Coastal Modern

An Artistically Creative Team Collaborates With Homeowners On A Seaside Sanctuary That Embodies A Sense Of Natural Harmony With Its Environment

Story Credits

Interior Design:
Larry Wilson, Rink Design Partnership, Inc., Jacksonville, FL
Photography:
Joseph Lapeyra, Davie, FL
Architecture:
Mike Walburn, Mike Walburn Architecture, Inc., Jacksonville, FL
Text by:
De Schofield
(View full image and details by clicking on picture)

 

The sleepy, “Old Florida” town of Crescent Beach may seem an unlikely location for a Zen-inspired retreat, but to Jacksonville natives Matt and Rita Kenyon, it was the perfect venue, both logistically and aesthetically. The design-savvy duo — Matt, a third-generation commercial contractor, and Rita, a fine artist — desired a weekend getaway within an hour’s distance from their home and horse farm in Clay County. After purchasing a prime oceanfront site with views of the Atlantic Ocean and the Intracoastal Waterway, they assembled a team of like-minded talent to help them realize their dream.

“Rita was very interested in creating a home that nurtures the soul and feeds the spirit,” says interior designer and sculptor Larry Wilson, who’d worked previously with the couple in renovating their primary residence. For site planning and architectural design, Wilson recommended architect Mike Walburn, who proved to be the perfect complement to the creative team.

“The Kenyons approached us with a special request to design a one-of-a-kind home,” Walburn says. “They had a number of very specific requirements, including simplistic, structural geometries; warm and inviting spaces; an abundance of outdoor lanais and carefully controlled-view corridors.”

The home embodies the Taoist philosophy that espouses the synchronization of personal will with the harmony of nature. Panoramic vistas in both directions lend a true east-meets-west sensibility.

Situating the house in relationship to an existing, state-protected historical sand dune presented the project’s greatest challenge. The Kenyons chose not to fight the dune but to embrace it. The site was raised approximately 10 feet in a subtle, staggered format to preserve the view and meet strict requirements that dictated the house be built behind the 20-foot-tall mound.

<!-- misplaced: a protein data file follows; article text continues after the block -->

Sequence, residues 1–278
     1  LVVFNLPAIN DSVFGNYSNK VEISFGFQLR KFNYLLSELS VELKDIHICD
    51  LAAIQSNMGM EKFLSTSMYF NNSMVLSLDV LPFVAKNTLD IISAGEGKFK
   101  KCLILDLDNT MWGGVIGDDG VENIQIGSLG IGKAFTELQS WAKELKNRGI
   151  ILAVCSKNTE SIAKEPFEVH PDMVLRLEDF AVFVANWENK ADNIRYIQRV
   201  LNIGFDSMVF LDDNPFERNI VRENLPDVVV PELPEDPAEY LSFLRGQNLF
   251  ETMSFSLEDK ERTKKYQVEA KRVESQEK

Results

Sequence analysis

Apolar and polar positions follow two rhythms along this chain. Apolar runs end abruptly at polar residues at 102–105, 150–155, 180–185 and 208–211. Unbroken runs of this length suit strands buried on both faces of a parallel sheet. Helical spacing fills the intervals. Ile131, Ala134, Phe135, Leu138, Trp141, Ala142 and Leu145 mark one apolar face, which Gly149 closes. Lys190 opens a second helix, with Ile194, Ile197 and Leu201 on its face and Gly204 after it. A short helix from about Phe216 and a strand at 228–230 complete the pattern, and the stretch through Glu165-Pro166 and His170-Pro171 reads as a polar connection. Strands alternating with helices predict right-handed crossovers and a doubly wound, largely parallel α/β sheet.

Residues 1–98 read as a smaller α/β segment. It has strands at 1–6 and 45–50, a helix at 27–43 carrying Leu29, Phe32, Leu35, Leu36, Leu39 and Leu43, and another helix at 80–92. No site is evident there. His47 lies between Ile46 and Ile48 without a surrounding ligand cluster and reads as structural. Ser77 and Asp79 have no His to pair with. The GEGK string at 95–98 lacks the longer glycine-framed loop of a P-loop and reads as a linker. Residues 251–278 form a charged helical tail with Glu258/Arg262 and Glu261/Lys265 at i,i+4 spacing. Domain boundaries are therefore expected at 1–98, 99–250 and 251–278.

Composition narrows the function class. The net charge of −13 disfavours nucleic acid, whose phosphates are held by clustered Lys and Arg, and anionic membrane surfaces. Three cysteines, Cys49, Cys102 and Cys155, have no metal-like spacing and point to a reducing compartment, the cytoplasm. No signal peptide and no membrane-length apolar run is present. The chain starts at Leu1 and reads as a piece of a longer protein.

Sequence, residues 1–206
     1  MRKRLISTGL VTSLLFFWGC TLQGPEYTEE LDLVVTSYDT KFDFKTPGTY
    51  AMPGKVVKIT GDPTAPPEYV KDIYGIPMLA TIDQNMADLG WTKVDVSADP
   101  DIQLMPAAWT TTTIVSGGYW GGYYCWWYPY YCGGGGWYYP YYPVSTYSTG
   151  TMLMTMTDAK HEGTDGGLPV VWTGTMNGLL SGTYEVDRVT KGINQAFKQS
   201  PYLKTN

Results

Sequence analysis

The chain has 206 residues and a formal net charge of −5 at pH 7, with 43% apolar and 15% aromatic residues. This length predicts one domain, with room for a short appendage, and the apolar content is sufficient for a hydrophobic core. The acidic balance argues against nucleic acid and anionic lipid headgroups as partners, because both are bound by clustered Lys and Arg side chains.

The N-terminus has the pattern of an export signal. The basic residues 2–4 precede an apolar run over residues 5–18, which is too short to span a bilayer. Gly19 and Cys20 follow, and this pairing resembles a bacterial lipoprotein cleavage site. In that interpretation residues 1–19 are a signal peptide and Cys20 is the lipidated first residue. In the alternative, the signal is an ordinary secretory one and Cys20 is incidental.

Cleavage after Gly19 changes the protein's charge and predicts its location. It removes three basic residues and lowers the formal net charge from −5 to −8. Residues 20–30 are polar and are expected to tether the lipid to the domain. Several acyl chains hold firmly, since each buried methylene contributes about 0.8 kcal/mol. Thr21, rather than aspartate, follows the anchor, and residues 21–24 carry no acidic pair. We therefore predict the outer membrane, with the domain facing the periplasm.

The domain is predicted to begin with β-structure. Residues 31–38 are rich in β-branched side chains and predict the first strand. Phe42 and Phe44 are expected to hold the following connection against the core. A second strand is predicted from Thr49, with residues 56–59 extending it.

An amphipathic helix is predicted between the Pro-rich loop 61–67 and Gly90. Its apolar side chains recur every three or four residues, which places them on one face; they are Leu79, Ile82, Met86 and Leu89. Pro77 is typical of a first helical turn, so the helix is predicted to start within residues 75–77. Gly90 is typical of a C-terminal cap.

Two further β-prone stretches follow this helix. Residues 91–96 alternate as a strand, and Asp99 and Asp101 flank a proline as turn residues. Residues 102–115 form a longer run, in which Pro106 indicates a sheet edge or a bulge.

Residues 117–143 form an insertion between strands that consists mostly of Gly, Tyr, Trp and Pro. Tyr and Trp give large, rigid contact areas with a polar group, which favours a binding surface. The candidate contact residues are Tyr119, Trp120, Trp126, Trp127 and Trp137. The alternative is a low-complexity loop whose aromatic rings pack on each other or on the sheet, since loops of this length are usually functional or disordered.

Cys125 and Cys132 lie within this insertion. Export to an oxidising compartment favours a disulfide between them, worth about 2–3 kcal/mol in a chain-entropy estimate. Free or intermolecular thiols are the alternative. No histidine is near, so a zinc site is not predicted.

What evolved was an ingenious, three-story plan that lives from the top floor down. The third story contains main spaces that include the living room, dining room, kitchen, office and master bedroom, all of which have full views of the ocean to the east and the Intracoastal toward the west. The second floor spaces include bedrooms, a media room, the artist studio and a guest suite arranged around the pool deck and artfully tucked behind the dune line yet in full view of the Intracoastal Waterway. The first floor is reserved for a two-car garage and an elevator stair core.

With the emphasis on the residence’s structure, all natural materials of concrete, wood, steel and glass repeat in a simple 3-D geometry. “In short,” Walburn says, “the structure is the architecture, translated in a style we’ve coined ‘coastal modern.'”

The home has 5,000 square feet of interior spaces, with an additional 3,000 square feet of livable patio area. The energy-efficient design features “lots of nesting areas and intimate nooks that give the house a cozy quality,” Rita says. “We wanted a comforting dwelling that felt sheltered from the sun, wind and rain yet embraced the beach environment.”

Capturing the look and feel the owners desired, the design team created this home’s spacious plan and its overall simplicity with a sense of every room being open to the breezes. Wilson then composed a soft, contemporary decor scheme that counters concrete, steel and glass with warm woods and textural fabrics.

The living room’s neutral palette, distinguished by bold architectural elements and the vivid coloration of Rita’s paintings, exudes a simplistic expression of design. Wall surfaces left in a natural concrete finish add gritty texture that contrasts with the smooth surfaces of the blackened-steel fireplace surround and exposed stainless-steel flue. Concrete flooring stained a smoky-toned tortoise shell lends continuity throughout the living room, dining room and kitchen, while a barrel-vaulted, pine-beamed ceiling arches overhead.

“The real beauty here is in the harmony of all components,” the designer says. “We didn’t want any one element to overpower any other.” The Kenyons’ choice of furnishings allows Rita’s paintings and the outdoor vistas to provide the focal points.